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David Tett

Everyone's talking about... Go Ape making locals go ape

Isabelle Aron

We unpick the issues that have got Londoners all riled up. This week, it's the new Go Ape assault course in Battersea.

So, what's the story?

Aerial assault course chain Go Ape opened its twenty-ninth branch in Battersea Park last week, complete with giant rope nets, tunnels and treetop crossings. Perfect for good, clean fun, you might think. How could zip wires and rope ladders be a source of controversy? But no, locals are not impressed. In fact, they're so irate that campaign groups Wandsworth Anti-Austerity Campaign (WAC) and Playgrounds Uncut staged a protest on the day of Go Ape's opening, on the grounds that it's not good for the children.

Wait, what? Isn't it for children?

In theory, yes. But the campaign groups say they're unhappy because in 2013 Wandsworth Council demolished a free adventure playground in the same park, despite a survey showing opposition from 86 percent of locals. WAC spokesman Colin Crilly says both groups object to the 'pay-to-play' concept, adding that they 'believe it should be a right for all children to have free access to play'.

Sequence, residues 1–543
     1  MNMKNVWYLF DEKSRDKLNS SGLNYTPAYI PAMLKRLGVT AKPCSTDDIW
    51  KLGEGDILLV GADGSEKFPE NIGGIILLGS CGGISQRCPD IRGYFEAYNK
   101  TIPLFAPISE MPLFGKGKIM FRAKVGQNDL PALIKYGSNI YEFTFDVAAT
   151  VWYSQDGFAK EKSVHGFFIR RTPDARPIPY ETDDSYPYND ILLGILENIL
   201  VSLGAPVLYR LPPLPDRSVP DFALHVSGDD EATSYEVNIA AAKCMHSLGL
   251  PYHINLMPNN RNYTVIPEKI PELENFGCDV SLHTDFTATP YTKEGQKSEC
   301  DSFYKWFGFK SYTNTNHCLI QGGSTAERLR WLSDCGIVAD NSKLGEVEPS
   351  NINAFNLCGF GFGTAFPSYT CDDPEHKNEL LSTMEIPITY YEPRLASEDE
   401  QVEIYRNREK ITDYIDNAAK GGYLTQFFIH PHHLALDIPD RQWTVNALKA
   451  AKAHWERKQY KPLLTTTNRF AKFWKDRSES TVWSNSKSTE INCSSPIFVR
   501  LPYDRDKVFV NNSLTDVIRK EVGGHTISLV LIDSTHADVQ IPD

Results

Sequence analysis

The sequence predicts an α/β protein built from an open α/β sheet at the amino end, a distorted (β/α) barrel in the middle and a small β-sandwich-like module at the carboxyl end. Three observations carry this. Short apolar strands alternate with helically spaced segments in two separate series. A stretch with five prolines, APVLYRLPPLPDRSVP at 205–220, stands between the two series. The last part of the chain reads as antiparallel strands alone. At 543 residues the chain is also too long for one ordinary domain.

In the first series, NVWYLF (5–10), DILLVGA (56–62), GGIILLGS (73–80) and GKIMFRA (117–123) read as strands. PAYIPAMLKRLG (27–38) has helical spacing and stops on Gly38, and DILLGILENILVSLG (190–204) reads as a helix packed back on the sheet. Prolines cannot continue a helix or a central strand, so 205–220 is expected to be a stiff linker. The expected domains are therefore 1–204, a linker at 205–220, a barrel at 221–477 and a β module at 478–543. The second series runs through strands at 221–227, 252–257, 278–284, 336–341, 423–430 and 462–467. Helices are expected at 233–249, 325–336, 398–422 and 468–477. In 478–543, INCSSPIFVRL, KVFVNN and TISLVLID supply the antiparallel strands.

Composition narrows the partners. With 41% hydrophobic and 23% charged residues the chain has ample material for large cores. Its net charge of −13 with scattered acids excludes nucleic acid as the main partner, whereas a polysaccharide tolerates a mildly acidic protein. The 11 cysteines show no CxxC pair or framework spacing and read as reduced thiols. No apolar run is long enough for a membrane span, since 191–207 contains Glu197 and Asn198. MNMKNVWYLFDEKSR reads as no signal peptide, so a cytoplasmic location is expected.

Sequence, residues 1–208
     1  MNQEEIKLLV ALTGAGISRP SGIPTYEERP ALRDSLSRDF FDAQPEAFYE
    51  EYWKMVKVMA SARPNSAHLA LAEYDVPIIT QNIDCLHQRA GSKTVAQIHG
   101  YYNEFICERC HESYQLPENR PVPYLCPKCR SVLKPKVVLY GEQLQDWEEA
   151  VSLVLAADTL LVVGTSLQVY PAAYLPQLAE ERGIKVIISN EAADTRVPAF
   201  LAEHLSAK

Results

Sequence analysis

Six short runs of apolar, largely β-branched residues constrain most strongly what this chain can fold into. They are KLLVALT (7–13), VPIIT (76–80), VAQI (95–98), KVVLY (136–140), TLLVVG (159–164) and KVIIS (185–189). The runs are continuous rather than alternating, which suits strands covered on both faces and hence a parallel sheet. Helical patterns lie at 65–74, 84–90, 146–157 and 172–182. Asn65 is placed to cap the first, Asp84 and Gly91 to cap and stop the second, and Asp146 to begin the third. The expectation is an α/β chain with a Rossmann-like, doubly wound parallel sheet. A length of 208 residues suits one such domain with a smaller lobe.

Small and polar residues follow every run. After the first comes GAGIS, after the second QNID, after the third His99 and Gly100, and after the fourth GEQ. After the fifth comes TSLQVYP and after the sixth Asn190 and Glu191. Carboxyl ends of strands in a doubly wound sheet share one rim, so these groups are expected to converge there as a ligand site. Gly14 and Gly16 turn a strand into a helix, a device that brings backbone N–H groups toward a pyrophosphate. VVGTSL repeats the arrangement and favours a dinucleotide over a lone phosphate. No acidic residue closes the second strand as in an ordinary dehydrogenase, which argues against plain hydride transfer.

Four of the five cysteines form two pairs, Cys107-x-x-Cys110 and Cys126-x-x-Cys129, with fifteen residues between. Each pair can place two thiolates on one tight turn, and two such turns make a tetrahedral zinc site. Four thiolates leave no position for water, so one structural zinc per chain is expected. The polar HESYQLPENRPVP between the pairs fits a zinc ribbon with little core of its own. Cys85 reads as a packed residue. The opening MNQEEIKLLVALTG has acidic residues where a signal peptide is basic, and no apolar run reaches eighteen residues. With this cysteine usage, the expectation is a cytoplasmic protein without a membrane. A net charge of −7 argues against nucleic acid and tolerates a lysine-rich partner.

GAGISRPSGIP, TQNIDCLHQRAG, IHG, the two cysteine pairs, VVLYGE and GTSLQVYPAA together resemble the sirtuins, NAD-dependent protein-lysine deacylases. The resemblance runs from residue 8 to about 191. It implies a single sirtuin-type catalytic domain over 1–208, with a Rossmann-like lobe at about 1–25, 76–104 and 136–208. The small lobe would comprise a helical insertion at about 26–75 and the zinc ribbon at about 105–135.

So will there be any free play areas left in the park

Those who don't have a burning desire to strap themselves into a harness and hang out at dizzying heights can keep their feet firmly on the ground in other areas of the park that will be staying put, including the free children's playground.

And what do the folks at Go Ape have to say about it?

A Go Ape spokesman says: 'There seems to be a general perception that Go Ape is replacing the free children's playground - which simply isn't true.' He adds it was the assault course's 'height rather than square footage that creates real adventure'. At least they're right about one thing: there is nothing adventurous about square footage.

Find out why everyone's talking about pedestrianising Oxford Street.

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